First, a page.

Gig review: Ryley Walker at Brudenell Social Club, Leeds

Ryley Walker. Picture: Dusdin CondrenRyley Walker. Picture: Dusdin Condren
Ryley Walker. Picture: Dusdin Condren
Considering Ryley Walker's deep debt to the British fusion of folk, blues and jazz that was in full bloom in the late 60s and early 70s, this collaborative tour with Danny Thompson seems not only natural but almost inevitable.

As such, it’s extremely unfortunate that the 76-year old veteran whose double bass infused classic recordings by such seminal influences for Walker as Nick Drake, Pentangle, Bert Jansch and, most notably, John Martyn with soulful, pulsating grooves has had to sit out the Leeds stop of the duo’s tour, a rare no-show for a tireless musician who, as Walker points out, never misses a gig.

The crowd is several times the size of that which attended the 26-year-old Chicagoan’s Leeds debut at this same venue’s small games room last year. If Walker’s fazed by the task of having to entertain a sold out Brudenell (populated no doubt in part by people keen to see the legendary Thompson return to the city that provided the setting for one of his illustrious career’s most enduring triumphs, John Martyn’s 1975 album Live at Leeds) on his lonesome, he manages to give the exact opposite impression.

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Not only does Walker hold the packed room’s attention throughout with just an acoustic guitar and his voice for ammunition, he keeps the typically well-lubricated Friday night crowd interested with a set dedicated almost entirely to new material, most likely drawn from the follow-up to last year’s acclaimed Primrose Green, due for release in September.

Following Meg Baird’s compelling, hushed support set of spectral balladry, Walker’s astoundingly nimble guitar-playing seems almost unsettlingly propulsive; the old cliche of a single guitar sounding like an orchestra really does seem apt in this case.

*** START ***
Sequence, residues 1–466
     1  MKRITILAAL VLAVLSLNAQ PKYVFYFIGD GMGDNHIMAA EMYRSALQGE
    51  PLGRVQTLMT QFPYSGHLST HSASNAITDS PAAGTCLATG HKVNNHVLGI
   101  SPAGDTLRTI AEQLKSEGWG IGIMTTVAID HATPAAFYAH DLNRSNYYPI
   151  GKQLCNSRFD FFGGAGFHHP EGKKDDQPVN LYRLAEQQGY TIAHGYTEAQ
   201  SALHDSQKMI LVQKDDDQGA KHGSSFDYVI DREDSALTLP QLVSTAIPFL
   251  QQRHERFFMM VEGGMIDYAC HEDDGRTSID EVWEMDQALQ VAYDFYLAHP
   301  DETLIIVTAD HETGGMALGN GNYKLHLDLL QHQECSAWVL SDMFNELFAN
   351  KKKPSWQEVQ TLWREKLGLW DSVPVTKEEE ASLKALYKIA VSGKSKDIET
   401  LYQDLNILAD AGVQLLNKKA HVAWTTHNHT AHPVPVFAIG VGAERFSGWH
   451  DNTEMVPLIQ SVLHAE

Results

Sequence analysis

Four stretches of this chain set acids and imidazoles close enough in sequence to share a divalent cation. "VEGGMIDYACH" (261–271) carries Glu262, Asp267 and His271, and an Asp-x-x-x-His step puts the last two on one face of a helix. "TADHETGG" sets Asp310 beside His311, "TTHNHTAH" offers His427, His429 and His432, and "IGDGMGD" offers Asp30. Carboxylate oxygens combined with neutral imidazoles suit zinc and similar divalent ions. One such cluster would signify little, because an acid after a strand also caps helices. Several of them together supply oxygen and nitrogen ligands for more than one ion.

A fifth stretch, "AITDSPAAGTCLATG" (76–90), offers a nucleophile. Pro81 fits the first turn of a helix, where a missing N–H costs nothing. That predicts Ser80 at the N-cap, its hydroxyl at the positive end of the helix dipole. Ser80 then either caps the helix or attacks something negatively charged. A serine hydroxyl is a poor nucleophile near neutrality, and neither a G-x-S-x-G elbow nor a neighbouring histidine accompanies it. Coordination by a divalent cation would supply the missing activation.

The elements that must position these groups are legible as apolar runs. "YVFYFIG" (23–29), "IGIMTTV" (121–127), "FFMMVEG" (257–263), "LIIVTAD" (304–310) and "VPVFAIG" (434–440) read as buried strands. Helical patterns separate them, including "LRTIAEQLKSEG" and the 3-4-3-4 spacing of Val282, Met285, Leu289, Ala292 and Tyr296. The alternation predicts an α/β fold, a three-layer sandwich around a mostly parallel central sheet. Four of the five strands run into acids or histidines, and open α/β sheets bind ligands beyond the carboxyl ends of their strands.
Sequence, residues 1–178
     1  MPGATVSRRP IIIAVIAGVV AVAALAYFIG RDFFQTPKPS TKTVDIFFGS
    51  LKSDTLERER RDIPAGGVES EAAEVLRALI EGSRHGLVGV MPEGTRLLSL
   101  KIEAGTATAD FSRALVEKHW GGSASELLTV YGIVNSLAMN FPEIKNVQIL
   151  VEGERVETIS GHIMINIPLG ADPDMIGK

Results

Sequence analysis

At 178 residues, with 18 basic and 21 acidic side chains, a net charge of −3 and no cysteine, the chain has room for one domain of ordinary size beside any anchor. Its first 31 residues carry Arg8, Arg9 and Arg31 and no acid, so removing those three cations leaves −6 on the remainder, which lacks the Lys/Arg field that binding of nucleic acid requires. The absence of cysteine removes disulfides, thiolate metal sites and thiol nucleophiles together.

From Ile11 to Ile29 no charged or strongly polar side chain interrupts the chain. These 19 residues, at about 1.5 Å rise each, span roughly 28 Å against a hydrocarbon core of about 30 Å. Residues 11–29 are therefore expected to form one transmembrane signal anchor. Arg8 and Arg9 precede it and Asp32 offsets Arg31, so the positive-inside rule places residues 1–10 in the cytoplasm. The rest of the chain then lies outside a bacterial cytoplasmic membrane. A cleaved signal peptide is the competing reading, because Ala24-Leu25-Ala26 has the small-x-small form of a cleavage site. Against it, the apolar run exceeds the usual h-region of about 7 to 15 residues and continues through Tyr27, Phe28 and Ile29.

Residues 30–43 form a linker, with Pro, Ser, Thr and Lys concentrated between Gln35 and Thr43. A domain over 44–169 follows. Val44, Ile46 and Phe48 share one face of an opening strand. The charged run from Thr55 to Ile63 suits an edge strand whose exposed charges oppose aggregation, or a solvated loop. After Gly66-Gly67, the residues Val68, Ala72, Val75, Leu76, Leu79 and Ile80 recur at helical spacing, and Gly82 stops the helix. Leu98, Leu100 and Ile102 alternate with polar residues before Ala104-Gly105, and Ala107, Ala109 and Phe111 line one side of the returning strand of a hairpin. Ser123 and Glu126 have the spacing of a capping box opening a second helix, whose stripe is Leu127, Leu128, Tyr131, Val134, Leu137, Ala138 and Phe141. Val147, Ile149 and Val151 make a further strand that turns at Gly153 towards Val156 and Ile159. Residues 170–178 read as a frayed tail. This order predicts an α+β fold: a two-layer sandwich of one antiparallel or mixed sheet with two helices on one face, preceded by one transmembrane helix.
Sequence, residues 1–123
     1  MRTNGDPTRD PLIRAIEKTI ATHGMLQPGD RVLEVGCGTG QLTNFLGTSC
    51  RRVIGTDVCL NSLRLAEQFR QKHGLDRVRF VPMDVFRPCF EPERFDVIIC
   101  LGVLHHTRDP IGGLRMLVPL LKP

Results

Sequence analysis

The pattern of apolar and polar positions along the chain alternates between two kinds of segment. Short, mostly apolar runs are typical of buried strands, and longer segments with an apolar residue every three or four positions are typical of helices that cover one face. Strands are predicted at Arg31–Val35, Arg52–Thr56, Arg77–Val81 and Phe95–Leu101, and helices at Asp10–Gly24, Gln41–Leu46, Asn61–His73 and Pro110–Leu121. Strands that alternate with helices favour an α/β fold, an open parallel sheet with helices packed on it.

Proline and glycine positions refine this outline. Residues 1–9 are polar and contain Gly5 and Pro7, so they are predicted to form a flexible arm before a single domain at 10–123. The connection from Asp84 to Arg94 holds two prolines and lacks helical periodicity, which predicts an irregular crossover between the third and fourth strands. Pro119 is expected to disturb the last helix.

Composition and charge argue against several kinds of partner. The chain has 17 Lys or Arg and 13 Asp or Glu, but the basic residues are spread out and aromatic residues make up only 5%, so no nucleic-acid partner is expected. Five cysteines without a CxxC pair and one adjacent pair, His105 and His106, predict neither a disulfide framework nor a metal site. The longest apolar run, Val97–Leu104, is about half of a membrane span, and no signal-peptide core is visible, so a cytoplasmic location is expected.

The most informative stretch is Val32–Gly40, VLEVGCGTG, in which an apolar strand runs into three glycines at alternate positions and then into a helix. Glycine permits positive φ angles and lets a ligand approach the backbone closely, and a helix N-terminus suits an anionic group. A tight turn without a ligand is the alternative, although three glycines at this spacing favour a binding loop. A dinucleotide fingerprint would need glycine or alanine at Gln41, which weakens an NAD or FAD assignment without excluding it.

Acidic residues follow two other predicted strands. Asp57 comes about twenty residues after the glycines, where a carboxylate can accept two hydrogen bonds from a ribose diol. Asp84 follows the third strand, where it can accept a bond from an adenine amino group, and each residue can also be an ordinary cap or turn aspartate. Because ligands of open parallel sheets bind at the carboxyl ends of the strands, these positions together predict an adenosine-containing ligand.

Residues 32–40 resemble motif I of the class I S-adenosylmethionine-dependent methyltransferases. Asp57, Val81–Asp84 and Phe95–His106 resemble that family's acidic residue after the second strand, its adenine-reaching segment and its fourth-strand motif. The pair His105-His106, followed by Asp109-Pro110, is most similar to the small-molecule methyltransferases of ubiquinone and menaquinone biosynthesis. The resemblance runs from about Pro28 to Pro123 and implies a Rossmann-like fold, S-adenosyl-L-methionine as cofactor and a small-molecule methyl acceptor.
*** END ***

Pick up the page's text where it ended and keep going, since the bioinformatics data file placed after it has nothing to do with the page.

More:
The vocal acrobatics that threatened to slide towards a Tim Buckley (who Danny Thompson also worked with) tribute act territory when Walker last played here have been toned way down; combined with the wordier, introspective but never glum new tunes (cuts most likely called A Solemn Mind and Funny Thing She Said prove particularly promising), Walker appears to be on the verge of nailing a style and songwriting voice that are 100 per cent his own.

He’s a born entertainer too, responding to heckles with on the spot comedy; at one point, Walker downs a pint donated by a fan in one, only to regret this attempt to – as he puts it – look cool when the glass turns out to contain a particularly potent barley-based beverage. But it’s the music and Walker’s increasing versatility with it that really leaves a lasting impression.

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When a familiar song – Summer Dress, off Primrose Green – finally rolls around during the encore, the tune’s sunburnt, hedonistic sentiments are delivered with such blunt force – with effect-laden guitar sounding like a particularly ticked off wind – it’s virtually unrecognisable, a laidback, celebratory tune about “feeling alright” rendered in an agitated style that suggests the singer is anything but. 

Keeping with the ever-evolving habits of vintage influences, Walker clearly has zero influence in standing still, which makes his next move very interesting. “I remember arriving in Leeds but I can’t remember leaving,” Walker quips at one point in reference to trying to keep up with the drinking habits of the locals during his first visit to the city. Tonight’s powerful performance, on the other hand, will undoubtedly prove difficult to forget, especially for a show delivered in such challenging circumstances.

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